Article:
Impact of El Niño-Southern Oscillation on European Climate. Brönnimann, S. 45(3):n/a.
Impact of El Niño-Southern Oscillation on European Climate [link]Paper  doi  abstract   bibtex   
El Niño-Southern Oscillation (ENSO) is arguably the most important global climate pattern. While the effects in the Pacific-North American sector and the tropical regions are relatively well understood, the impacts on the circulation in the North Atlantic-European sector are discussed more controversially. Studies from the past 10 years demonstrate that ENSO does affect European climate. However, some of the effects undergo a seasonal modulation or are nonlinear. The signal can be modified by other factors and might be nonstationary on multidecadal scales, contributing to a large interevent variability. Here I review observational and model-based evidence for ENSO's effect on European climate and discuss possible mechanisms, also including troposphere-stratosphere coupling. The paper ends with a schematic depiction of the effects and a discussion of their relevance with respect to our scientific understanding of the climate system and of their relevance for seasonal climate forecasts.
@article{bronnimannImpactNinoSouthernOscillation2007,
  title = {Impact of {{El Niño}}-{{Southern Oscillation}} on {{European}} Climate},
  author = {Brönnimann, S.},
  date = {2007-09},
  journaltitle = {Reviews of Geophysics},
  volume = {45},
  pages = {n/a},
  issn = {8755-1209},
  doi = {10.1029/2006rg000199},
  url = {https://doi.org/10.1029/2006rg000199},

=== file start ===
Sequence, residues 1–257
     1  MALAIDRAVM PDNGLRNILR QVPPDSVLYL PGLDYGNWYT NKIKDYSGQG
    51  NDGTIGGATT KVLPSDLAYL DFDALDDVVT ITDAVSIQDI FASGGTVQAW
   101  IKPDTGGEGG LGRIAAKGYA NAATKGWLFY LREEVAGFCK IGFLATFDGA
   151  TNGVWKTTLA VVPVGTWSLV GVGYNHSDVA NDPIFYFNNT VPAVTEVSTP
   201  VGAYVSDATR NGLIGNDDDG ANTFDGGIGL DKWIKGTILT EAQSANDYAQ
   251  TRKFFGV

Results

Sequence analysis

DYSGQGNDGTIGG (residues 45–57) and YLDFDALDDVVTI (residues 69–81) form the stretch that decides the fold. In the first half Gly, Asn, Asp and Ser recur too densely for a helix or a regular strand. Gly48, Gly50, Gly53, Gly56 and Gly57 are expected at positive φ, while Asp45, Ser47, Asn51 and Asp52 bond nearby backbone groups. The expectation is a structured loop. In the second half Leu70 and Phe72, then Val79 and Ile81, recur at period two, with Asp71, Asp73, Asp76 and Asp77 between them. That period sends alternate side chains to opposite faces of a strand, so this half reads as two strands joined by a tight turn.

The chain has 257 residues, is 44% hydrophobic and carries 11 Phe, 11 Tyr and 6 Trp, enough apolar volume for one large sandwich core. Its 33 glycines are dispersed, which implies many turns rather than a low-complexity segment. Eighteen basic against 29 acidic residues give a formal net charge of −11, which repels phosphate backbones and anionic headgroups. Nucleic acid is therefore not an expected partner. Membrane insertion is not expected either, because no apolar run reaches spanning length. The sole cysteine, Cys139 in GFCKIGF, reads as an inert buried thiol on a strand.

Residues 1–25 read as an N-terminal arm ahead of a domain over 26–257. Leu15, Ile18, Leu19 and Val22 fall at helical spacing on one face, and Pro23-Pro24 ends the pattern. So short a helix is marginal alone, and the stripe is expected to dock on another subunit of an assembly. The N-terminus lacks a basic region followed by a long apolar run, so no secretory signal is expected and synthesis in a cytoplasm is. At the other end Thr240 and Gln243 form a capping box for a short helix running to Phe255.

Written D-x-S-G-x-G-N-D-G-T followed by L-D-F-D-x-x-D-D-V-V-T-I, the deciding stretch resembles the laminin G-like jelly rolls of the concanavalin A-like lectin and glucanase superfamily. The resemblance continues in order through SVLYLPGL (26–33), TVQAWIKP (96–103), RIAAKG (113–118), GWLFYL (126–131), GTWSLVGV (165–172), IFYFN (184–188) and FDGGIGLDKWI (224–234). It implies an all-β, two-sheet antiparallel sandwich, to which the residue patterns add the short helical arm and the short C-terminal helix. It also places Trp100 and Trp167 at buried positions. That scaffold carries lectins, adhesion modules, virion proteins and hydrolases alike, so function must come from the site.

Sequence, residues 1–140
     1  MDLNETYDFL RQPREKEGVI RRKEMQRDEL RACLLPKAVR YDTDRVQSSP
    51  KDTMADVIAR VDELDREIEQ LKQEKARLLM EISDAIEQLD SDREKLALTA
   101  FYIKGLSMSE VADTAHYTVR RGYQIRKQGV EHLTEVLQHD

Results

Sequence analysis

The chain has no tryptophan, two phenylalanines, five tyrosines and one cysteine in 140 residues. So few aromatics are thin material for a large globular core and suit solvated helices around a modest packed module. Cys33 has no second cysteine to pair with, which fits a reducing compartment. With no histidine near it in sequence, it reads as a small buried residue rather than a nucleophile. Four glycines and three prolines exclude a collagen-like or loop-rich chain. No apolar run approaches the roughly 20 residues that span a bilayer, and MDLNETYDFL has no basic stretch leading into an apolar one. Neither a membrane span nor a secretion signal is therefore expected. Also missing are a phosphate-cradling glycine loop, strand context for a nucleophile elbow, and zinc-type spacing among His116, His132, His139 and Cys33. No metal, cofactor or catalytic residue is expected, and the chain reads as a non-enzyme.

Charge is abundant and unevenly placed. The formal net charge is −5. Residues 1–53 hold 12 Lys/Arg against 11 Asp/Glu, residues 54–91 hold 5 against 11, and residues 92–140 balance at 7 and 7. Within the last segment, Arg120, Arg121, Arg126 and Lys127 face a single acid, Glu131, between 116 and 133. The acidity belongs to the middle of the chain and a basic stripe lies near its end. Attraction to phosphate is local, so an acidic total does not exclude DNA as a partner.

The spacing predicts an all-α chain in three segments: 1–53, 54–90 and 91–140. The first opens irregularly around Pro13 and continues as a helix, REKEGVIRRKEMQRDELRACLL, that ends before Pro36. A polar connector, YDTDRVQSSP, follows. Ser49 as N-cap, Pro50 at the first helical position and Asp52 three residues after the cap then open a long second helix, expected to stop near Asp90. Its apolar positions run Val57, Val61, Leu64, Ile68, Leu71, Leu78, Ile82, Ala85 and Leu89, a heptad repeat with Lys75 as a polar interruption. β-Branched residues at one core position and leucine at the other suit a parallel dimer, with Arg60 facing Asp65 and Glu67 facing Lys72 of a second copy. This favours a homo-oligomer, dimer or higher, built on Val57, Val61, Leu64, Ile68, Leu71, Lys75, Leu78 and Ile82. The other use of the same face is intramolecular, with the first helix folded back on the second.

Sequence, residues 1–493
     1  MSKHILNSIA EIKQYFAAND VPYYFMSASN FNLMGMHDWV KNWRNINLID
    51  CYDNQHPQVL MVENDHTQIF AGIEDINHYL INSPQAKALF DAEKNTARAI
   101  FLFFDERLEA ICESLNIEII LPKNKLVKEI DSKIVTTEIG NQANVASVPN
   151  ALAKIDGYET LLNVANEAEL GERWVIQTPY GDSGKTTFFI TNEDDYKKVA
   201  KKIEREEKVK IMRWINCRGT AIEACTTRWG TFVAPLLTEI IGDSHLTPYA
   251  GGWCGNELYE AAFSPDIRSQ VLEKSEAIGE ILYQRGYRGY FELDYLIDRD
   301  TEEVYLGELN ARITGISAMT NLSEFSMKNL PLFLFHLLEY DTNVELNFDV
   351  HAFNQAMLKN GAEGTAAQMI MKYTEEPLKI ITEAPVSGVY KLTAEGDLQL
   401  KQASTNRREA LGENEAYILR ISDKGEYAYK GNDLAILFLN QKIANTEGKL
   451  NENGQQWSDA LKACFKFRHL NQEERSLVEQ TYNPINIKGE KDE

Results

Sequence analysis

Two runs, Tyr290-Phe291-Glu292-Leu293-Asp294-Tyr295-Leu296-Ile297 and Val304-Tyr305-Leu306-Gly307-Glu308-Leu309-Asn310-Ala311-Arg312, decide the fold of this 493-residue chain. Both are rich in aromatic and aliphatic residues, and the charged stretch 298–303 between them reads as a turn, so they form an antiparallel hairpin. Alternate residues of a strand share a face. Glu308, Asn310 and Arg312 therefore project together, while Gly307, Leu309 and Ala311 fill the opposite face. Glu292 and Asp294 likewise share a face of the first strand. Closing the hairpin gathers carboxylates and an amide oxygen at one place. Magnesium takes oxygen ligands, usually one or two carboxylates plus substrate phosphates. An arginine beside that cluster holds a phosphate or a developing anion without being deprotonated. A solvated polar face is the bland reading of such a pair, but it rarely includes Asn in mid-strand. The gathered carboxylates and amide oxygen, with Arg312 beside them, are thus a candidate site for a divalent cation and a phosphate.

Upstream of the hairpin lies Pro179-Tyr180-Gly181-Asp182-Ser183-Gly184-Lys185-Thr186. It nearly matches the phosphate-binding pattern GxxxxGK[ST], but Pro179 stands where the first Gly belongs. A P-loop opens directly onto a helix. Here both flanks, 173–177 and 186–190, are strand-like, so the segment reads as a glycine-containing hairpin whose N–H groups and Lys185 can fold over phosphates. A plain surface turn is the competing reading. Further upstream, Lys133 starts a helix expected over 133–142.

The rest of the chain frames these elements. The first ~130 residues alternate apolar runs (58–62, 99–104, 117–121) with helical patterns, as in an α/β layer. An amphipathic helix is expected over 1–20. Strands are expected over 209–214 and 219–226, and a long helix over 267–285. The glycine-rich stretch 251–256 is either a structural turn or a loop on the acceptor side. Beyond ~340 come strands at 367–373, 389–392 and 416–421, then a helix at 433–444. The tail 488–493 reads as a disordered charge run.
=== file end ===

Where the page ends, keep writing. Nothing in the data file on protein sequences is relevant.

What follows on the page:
abstract = {El Niño-Southern Oscillation (ENSO) is arguably the most important global climate pattern. While the effects in the Pacific-North American sector and the tropical regions are relatively well understood, the impacts on the circulation in the North Atlantic-European sector are discussed more controversially. Studies from the past 10 years demonstrate that ENSO does affect European climate. However, some of the effects undergo a seasonal modulation or are nonlinear. The signal can be modified by other factors and might be nonstationary on multidecadal scales, contributing to a large interevent variability. Here I review observational and model-based evidence for ENSO's effect on European climate and discuss possible mechanisms, also including troposphere-stratosphere coupling. The paper ends with a schematic depiction of the effects and a discussion of their relevance with respect to our scientific understanding of the climate system and of their relevance for seasonal climate forecasts.},
  keywords = {*imported-from-citeulike-INRMM,~INRMM-MiD:c-8316427,anomaly-detection,climate,droughts,enso,europe,feedback,precipitation},
  number = {3}
}
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